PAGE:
Saugatuck, Michigan, September 2015

Accounts of trips taken in Boston Whaler boats; organization of rendezvous for Boston Whaler boats
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Dutchman
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Saugatuck, Michigan, September 2015

Postby Dutchman » Wed Oct 14, 2015 11:06 am

A couple of weeks ago on September 27, 2015, I decided I needed some adventure. I had seen enough of the inland lakes here in southwest Michigan, and I decided the big lake would be a nice change of scenery. I drove up to the lovely towns of Saugatuck and Douglas, and I put in the boat at the ramp on North Union Street (42 38.875' N 86 12.161' W), right off Blue Star highway in Douglas. At the North Union Street ramp there is lots of parking because there used to be a Maritime Museum: the SS Keewatin a 1907 passenger ferry with wooden super structure, docked in 1967 there. Sadly she was sold and moved back to her home port Port McNicholl in Ontario. This is the ramp used by "The Duck", a tourist-attraction World War II amphibious vessel that seat approximately 20 people and tours the harbor and Kalamazoo River between both towns.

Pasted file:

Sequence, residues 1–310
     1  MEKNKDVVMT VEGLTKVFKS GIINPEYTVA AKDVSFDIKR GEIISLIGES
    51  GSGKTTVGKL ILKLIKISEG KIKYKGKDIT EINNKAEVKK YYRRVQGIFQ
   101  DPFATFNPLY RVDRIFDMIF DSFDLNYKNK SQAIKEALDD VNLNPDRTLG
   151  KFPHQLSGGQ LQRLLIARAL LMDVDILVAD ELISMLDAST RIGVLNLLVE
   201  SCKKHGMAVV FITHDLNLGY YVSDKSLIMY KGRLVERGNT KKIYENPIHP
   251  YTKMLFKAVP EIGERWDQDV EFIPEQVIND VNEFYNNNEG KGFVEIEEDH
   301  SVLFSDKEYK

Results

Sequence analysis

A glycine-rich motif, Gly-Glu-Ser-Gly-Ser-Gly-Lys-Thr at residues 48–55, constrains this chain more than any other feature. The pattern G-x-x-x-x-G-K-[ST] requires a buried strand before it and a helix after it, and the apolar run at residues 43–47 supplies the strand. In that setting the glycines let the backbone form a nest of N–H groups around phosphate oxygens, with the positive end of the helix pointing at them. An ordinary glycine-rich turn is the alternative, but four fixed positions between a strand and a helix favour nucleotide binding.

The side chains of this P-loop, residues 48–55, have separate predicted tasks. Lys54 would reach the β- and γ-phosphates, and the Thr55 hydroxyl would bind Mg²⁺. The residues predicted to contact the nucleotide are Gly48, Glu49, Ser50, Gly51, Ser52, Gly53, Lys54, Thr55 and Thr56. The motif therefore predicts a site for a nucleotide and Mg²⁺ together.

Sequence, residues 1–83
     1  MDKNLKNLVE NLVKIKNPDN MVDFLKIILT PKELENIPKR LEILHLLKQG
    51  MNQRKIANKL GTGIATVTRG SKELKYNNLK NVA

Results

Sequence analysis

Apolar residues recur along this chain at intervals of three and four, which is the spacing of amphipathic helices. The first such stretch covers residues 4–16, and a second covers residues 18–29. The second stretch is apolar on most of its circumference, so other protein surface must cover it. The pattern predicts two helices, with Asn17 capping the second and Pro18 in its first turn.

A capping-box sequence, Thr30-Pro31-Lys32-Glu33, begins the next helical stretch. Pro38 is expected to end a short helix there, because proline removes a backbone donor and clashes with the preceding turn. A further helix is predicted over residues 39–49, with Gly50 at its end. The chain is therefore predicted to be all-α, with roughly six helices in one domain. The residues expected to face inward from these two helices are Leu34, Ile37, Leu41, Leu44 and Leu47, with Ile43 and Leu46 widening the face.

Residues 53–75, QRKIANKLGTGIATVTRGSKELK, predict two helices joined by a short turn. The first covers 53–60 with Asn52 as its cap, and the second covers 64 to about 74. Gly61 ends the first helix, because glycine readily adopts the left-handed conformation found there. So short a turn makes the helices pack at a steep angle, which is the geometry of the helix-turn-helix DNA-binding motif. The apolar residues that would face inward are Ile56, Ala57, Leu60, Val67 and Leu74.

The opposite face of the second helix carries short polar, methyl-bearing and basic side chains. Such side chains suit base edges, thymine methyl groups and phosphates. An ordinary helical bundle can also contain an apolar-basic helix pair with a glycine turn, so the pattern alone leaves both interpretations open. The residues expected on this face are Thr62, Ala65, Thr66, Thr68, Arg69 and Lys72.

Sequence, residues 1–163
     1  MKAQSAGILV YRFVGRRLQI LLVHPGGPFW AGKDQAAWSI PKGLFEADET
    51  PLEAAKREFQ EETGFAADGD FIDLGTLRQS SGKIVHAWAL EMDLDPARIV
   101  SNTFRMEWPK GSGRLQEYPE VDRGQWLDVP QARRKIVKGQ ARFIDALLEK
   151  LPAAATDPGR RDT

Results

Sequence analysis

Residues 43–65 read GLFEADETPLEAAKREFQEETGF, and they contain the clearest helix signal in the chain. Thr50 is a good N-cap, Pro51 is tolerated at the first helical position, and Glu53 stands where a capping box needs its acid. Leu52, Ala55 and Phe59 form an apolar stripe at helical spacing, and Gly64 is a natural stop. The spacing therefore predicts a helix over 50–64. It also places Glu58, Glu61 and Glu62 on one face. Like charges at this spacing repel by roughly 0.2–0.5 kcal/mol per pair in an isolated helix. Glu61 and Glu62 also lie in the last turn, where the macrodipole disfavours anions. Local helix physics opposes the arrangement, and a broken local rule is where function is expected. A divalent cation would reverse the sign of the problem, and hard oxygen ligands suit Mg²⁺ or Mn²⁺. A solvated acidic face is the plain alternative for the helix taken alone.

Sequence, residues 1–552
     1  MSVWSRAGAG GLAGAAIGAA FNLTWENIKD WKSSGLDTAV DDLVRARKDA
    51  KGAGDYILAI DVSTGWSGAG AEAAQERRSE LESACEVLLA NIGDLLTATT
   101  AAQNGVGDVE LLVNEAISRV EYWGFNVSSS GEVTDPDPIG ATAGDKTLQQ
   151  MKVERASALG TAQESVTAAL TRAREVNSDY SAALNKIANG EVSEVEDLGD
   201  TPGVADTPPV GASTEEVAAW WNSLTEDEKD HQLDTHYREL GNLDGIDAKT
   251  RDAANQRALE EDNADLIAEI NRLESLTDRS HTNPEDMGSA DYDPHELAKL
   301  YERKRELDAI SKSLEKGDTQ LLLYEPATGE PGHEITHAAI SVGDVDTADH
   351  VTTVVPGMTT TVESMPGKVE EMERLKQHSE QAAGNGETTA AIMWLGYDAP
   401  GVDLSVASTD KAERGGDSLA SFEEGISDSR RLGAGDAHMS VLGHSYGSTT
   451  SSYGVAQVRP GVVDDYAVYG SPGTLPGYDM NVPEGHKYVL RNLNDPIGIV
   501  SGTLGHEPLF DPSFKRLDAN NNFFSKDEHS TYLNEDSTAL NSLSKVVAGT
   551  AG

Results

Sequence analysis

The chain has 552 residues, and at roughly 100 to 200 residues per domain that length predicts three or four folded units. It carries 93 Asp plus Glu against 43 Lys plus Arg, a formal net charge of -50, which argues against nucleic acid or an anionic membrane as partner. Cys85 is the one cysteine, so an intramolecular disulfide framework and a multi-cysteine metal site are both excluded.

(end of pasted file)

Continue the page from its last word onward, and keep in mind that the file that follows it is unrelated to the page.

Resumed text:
There are several ramps in the town besides the marina ramps. In the town of Saugatuck is another ramp, again used by "The Duck", and you could launch there. But there is no parking. A little to the east farther up river from the ramp I used is Schultz Park County Park ramp, with hundreds of parking spaces and an honor payment system, four launches, and two finger docks.

As the river is a long no-wake drive to the big lake, I knew I could spend some time idling down and or up river. I decided to check out the big Lake as the forecast called for 1-foot to 2-foot and make a trip south to South Haven, approximately 17 nautical miles on the big Lake, or 46 miles round trip. Getting out of the pier heads it was rougher, two-foot to three-foot, than I thought, and with the northwest wind, I decided, to go North to Holland into the waves as my return trip would be easier. I put on my PFD and safety switch lanyard and started to slam over the waves--being a Montauk I was constantly adjusting throttle. Kalamazoo River pier to Lake Macatawa pier (or "Big Red" as the lighthouse is known) is only 5.7-nautical miles, so very do-able. Within 15 minutes Big Red was in sight and 25 minutes later I was between pier heads in calm water.